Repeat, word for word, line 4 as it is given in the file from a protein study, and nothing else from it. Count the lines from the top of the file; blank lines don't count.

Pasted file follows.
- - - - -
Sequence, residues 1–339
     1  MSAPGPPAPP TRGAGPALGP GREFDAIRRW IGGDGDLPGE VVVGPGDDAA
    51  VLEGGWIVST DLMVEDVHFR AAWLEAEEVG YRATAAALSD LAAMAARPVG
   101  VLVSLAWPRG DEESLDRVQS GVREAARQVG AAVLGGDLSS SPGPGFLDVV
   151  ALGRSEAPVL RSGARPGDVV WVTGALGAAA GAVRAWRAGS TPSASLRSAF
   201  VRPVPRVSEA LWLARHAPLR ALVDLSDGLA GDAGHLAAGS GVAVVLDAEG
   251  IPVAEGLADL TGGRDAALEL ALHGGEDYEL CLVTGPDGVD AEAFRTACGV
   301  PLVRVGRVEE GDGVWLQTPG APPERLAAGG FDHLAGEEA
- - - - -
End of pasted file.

   101  VLVSLAWPRG DEESLDRVQS GVREAARQVG AAVLGGDLSS SPGPGFLDVV